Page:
Do you keep a journal – or wish you could get one started? Literary Mama wants to help.
Three times a month, I’ll post a writing prompt. Open a notebook and write for 10 minutes. Don’t worry about grammar or punctuation – just write. Then let the writing simmer and your mind wander for awhile.
My husband and my daughter have a special relationship, due in part to our community’s annual Father Daughter Dance. They attended the special event—which included an appointment with the hairdresser, a “poufy” dress and sometimes a tuxedo, a corsage, and dinner—five times and when she was between ages 7 and 13.
She and I wrote about it and created a special birthday card for my husband and the essay was eventually published in a regional magazine. Here’s an excerpt:
Note: This is part of an essay which was first published in Our Iowa Magazine, 2011.
Dad and I danced nearly every dance. He taught me how to swing, and I taught him the Macarena.
That line dance is easy, but most of the dads had trouble with it. I gave my dad an “A” for trying, but sometimes, he got his right and left hands mixed up. Other times, he was confused by the shoulder-to-head-to-hip sequence. But, he nearly always jumped and made the 90-degree turn on the correct beat, so at least he faced the same way as the rest of us.
I have to admit he’s a great swing dancer. He spun me around so much I was afraid I’d fly off the dance floor, but he held my hand tight and always managed to pull me back to him. He even “dipped” me a couple of times, like the professional dancers do! At the beginning, we were the only ones swing-dancing. My friends thought we were pretty cool, and a couple of them told their dads to ask my dad how to do it.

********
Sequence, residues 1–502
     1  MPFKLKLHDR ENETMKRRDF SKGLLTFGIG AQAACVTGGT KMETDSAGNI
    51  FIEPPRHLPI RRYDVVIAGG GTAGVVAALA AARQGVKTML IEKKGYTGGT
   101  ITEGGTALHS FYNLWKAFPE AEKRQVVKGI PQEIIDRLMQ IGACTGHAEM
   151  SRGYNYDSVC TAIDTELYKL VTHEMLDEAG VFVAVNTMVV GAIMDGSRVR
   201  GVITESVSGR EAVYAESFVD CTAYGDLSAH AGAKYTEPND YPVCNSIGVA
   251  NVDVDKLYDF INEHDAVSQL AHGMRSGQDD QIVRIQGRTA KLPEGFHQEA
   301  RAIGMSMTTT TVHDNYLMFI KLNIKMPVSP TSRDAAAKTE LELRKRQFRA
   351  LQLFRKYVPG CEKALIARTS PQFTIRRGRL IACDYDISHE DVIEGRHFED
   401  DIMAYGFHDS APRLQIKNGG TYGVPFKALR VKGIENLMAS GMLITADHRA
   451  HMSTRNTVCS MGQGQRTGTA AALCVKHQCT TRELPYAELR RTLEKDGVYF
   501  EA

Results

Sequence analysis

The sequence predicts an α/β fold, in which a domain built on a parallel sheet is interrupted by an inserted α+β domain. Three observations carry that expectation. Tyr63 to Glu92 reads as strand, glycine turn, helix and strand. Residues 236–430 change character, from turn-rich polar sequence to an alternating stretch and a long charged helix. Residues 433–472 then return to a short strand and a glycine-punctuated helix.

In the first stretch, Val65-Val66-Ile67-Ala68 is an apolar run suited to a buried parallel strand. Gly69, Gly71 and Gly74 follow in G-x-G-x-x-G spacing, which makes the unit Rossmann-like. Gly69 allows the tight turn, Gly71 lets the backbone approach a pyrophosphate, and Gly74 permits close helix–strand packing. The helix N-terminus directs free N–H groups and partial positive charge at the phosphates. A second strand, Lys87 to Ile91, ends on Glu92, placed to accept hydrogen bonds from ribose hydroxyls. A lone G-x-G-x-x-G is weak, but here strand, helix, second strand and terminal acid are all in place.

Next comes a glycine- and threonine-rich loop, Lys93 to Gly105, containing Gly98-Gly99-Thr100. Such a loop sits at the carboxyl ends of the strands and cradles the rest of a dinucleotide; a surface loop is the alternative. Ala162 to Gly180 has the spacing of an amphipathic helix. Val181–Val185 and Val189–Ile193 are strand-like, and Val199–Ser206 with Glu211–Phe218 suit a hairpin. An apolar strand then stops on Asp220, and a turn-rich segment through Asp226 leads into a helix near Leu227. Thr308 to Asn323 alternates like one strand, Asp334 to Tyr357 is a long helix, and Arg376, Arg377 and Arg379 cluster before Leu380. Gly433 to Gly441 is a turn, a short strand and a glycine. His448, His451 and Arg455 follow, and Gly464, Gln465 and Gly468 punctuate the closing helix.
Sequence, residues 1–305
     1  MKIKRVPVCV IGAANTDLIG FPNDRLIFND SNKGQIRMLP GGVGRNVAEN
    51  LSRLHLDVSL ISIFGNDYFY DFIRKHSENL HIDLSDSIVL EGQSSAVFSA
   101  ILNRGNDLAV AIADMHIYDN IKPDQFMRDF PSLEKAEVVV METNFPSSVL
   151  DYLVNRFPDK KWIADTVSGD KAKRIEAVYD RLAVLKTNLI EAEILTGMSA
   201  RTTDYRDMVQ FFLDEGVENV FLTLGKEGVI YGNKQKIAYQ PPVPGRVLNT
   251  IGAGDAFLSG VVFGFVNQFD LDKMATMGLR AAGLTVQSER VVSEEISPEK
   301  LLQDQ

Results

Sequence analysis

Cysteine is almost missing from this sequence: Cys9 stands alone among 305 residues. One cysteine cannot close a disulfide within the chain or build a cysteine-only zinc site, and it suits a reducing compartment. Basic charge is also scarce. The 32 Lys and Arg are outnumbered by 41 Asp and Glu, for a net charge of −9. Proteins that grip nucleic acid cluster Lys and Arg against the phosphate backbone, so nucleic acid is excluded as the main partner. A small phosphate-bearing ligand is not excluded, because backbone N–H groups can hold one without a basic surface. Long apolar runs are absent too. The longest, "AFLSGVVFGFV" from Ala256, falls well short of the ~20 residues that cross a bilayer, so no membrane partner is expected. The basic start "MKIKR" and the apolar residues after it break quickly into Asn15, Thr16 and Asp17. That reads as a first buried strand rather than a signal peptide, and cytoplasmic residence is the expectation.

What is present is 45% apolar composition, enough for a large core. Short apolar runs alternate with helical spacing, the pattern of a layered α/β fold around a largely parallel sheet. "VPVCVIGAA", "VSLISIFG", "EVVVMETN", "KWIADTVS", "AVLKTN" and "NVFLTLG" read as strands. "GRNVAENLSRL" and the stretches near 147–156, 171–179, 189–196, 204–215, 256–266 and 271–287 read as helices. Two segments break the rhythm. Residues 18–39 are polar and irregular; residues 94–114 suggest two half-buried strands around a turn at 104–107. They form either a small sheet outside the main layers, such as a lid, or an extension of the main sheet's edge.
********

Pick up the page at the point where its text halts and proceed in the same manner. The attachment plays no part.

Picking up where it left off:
I came home exhausted and with sore feet, even though I danced in my stocking feet for most of the evening. My stomach was sore too – that’s because Dad and I had laughed so much.
But the best thing? Not my pearl necklace or poufy dress. And not the fashion statement my dad made in his tuxedo. Nothing like that.
When we danced, Dad looked straight at me — as if there wasn’t anything else to look at or listen to in the whole room. He didn’t talk about hunting, fishing, the boys or even Mom! We talked about what I wanted to talk about, and he listened to everything I said. He made me feel special.
Journal Entry: Write an as-told-to story about a father-daughter or a mother-son activity. Interview your child and write it in the child’s voice. In addition to describing the activity, explain why it’s special and the impact it’s made on your child.